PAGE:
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Dobsonfly (Corydalus cornutus)

Detailing the identifying qualities of the Dobsonfly, including physical features and territorial reach.

 Updated: 8/18/2017; Authored By Staff Writer; Content ¬©

Picture of Dobsonfly

The large jaws and long mandibles on a male Dobsonfly may cry 'caution', but it's the fierce bite from a female that could hurt you.

Male Dobsonflies appear to be quite fearsome, having what appears to be tentacle-like appendages for mouth parts. In fact, the males of the species cannot bite and are considered harmless to humans. The females, on the other hand,can deliver quite a painful bite from those strong jaws if she is agitated.

Male Dobsonflies can be identified by the long, fleshy mandibles that can be nearly half the length of their bodies. Females have much shorter ones. The large wings cover most of the abdomen surface when viewed from the above since they fold the wings over the body instead of splaying them out like butterflies might.

Dobsonflies begin life as aquatic larvae before graduating into an airborne insect. The larvae live underwater, feeding on tadpoles, small fish and other young aquatic larvae from other species (like dragonfly naiads and stonefly hellgrammites). Larvae look like underwater centipedes early in life, and adults keep watch over them from a nearby area above the water. Larvae can bite so handling them should be avoided though that does not stop anglers (fishermen and women) from using them as live bait.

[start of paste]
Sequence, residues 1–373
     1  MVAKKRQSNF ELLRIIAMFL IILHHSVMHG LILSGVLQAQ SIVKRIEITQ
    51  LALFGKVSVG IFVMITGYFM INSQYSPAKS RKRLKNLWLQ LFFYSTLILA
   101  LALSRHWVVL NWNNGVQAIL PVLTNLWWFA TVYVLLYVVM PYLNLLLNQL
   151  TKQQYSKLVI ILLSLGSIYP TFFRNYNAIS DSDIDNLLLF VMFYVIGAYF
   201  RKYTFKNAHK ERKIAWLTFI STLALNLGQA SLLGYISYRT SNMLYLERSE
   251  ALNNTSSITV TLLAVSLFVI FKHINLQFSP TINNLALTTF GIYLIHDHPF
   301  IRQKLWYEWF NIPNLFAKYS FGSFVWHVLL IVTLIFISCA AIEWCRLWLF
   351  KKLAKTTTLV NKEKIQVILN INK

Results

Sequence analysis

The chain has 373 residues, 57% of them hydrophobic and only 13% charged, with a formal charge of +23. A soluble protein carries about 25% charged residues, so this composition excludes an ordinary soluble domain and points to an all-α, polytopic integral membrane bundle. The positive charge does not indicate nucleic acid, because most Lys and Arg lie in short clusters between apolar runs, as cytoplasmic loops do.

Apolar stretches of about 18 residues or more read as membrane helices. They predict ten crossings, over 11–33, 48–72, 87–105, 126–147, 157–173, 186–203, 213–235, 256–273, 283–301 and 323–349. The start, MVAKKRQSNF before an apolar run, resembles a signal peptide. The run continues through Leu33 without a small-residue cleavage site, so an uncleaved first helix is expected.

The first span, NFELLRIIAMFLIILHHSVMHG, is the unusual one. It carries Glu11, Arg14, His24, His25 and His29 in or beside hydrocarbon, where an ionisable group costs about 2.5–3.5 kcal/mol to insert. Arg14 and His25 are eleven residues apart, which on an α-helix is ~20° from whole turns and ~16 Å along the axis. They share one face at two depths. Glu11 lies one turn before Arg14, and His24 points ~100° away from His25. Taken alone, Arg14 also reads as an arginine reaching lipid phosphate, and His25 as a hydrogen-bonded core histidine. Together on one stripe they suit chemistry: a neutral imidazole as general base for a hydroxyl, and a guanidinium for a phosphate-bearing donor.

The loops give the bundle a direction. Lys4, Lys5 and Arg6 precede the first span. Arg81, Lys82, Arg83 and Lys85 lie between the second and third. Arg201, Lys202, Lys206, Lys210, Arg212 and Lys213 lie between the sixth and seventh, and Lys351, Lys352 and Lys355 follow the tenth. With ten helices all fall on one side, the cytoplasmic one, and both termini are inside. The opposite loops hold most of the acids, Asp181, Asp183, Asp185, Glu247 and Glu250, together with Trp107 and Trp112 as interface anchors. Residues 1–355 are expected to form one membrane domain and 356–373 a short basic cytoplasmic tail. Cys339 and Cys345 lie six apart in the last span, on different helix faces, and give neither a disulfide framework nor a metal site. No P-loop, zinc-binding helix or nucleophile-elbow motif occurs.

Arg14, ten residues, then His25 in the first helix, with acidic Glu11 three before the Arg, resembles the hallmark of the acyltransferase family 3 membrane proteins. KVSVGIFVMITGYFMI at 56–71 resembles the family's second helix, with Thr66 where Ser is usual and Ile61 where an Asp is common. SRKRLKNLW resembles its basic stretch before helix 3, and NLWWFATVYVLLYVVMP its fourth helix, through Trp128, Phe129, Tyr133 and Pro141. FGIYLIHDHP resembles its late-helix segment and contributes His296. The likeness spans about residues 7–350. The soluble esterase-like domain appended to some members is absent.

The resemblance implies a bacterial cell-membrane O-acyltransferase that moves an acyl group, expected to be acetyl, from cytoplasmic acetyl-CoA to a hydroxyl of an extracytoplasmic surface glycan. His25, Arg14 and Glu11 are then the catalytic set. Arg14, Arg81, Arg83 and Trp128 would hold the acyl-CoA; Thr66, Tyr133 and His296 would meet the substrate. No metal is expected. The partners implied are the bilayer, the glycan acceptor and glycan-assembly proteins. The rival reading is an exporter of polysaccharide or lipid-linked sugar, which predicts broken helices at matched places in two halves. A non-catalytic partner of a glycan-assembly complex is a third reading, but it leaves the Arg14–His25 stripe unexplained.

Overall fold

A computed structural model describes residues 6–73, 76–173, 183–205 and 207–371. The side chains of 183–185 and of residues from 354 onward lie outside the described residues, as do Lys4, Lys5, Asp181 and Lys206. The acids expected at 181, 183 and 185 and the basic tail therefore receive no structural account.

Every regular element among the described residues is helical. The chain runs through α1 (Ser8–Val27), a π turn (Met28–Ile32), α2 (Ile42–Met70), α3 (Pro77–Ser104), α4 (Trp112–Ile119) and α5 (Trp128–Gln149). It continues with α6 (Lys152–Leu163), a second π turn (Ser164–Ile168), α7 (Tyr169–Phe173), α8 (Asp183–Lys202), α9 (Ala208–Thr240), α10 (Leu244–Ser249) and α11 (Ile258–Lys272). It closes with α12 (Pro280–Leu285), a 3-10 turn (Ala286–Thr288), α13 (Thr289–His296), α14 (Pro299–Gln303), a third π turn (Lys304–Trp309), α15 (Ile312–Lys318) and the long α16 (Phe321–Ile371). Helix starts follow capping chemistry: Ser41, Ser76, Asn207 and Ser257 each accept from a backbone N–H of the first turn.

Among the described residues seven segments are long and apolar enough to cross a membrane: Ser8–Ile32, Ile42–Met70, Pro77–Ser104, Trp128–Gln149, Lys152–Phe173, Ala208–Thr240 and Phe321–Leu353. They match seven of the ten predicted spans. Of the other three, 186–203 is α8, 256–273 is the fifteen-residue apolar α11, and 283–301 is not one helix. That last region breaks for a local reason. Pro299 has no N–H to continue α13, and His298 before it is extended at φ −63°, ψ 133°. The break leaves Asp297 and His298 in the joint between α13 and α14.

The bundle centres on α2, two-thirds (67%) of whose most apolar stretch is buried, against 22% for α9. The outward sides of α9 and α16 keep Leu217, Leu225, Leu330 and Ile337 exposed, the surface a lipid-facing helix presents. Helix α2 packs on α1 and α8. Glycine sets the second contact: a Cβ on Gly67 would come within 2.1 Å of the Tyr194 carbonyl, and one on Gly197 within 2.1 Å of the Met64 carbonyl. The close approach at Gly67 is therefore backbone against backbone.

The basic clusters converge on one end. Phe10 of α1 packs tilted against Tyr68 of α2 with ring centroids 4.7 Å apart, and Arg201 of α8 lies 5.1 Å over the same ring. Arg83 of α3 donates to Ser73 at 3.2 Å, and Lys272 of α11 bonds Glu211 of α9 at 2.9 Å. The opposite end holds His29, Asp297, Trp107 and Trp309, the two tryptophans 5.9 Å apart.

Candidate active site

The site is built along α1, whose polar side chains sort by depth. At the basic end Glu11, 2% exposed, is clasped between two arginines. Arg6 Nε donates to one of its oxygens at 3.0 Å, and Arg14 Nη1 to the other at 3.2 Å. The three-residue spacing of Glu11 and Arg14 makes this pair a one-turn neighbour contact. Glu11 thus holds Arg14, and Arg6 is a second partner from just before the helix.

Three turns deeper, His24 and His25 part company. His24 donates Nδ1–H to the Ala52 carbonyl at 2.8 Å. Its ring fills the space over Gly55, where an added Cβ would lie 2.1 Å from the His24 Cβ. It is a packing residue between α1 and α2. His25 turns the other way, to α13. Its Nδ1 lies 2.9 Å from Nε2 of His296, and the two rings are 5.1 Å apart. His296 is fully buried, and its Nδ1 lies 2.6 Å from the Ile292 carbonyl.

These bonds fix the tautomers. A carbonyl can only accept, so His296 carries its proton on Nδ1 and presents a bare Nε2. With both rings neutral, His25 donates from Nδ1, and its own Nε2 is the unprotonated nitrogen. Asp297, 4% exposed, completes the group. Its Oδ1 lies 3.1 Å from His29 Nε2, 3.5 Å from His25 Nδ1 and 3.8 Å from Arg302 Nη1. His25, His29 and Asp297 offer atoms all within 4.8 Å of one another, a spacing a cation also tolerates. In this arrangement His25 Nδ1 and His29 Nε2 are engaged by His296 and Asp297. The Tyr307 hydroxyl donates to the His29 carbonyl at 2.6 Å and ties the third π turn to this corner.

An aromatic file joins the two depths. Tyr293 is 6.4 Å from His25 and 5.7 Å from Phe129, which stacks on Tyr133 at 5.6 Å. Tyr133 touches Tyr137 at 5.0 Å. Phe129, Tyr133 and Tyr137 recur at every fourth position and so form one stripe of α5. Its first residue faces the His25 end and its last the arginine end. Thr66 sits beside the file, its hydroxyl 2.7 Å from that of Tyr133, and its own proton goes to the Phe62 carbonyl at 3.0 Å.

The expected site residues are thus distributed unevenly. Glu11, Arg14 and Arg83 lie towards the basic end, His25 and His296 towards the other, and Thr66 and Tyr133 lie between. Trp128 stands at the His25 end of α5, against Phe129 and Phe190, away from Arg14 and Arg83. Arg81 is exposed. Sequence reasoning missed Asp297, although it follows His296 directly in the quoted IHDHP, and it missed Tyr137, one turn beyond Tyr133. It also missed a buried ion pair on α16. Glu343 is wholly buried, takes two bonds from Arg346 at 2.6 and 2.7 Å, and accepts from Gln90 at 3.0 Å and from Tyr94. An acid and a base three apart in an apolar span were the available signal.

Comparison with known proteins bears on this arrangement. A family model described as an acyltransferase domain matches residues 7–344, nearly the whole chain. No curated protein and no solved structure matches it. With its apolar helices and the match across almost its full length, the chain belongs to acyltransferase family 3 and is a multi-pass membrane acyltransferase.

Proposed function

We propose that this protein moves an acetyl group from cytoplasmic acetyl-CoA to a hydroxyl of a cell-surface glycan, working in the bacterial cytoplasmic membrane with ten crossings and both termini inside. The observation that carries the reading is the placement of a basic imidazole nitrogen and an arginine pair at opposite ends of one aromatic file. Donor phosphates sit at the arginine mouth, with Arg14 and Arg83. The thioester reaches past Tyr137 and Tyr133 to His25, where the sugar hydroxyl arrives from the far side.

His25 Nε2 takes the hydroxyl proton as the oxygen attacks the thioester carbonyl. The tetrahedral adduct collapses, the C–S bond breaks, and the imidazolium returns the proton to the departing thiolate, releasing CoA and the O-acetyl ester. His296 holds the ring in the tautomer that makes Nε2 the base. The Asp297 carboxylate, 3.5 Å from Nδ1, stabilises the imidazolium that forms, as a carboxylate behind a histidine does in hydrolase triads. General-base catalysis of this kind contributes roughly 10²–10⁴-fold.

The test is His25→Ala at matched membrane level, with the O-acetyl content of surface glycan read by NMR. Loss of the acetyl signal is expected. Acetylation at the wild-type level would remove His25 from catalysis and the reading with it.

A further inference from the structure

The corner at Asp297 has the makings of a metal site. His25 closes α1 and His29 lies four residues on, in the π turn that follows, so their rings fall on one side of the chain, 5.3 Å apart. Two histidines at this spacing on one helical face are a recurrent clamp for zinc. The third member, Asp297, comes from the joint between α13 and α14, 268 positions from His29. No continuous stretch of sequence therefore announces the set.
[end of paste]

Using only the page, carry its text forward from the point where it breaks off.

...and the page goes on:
Adults are primarily nocturnal (night dwellers) and are naturally drawn to light sources at night. They do not eat. Instead, they spend their days bringing forth the next generation of Dobsonflies.

Picture of the Dobsonfly
Picture of the Dobsonfly

Dobsonfly Information

Category: Alderfly or Dobsonfly
Common Name: Dobsonfly
Scientific Name: Corydalus cornutus

Taxonomy Hierarchy

 Arrow graphic Kingdom: Animalia
  Arrow graphic Phylum: Arthropoda
   Arrow graphic Class: Insecta
    Arrow graphic Order: Megaloptera
     Arrow graphic Family: Corydalidae
      Arrow graphic Genus: Corydalus
       Arrow graphic Species: cornutus

Size, Identifying Tags and Territorial Reach

Size (Adult, Length): Size (Adult, Length): 50 mm to 127 mm (1.95 inches to 4.953 inches)
Identifying Colors: black; brown; gray; white
Additional Descriptors: mouth, antennae, long, extra, flying, biting, jaws

North American Territorial Reach (Though Not Limited To): Alabama; Alaska; Arizona; Arkansas; California; Colorado; Connecticut; Delaware; Florida; Georgia; Hawaii; Idaho; Illinois; Indiana; Iowa; Kansas; Kentucky; Louisiana; Maine; Maryland; Massachusetts; Michigan; Minnesota; Mississippi; Missouri; Montana; Nebraska; Nevada; New Hampshire; New Jersey; New Mexico; New York; North Carolina; North Dakota; Ohio; Oklahoma; Oregon; Pennsylvania; Rhode Island; South Carolina; South Dakota; Tennessee; Texas; Utah; Vermont; Virginia; Washington; West Virginia; Wisconsin; Wyoming; Alberta; British Columbia; Manitoba; New Brunswick; Newfoundland and Labrador; Nova Scotia; Ontario; Prince Edward Island; Quebec; Saskatchewan; Mexico

A Note About Territorial Reach: Keep in mind that an insect's reach is not limited by lines drawn on a map and therefore species may appear in areas, regions and/or states beyond those listed above. Insects are driven by environmental factors, food supplies and mating patterns and do not nescessarily work within hard-and-fast territorial lines like we humans do.

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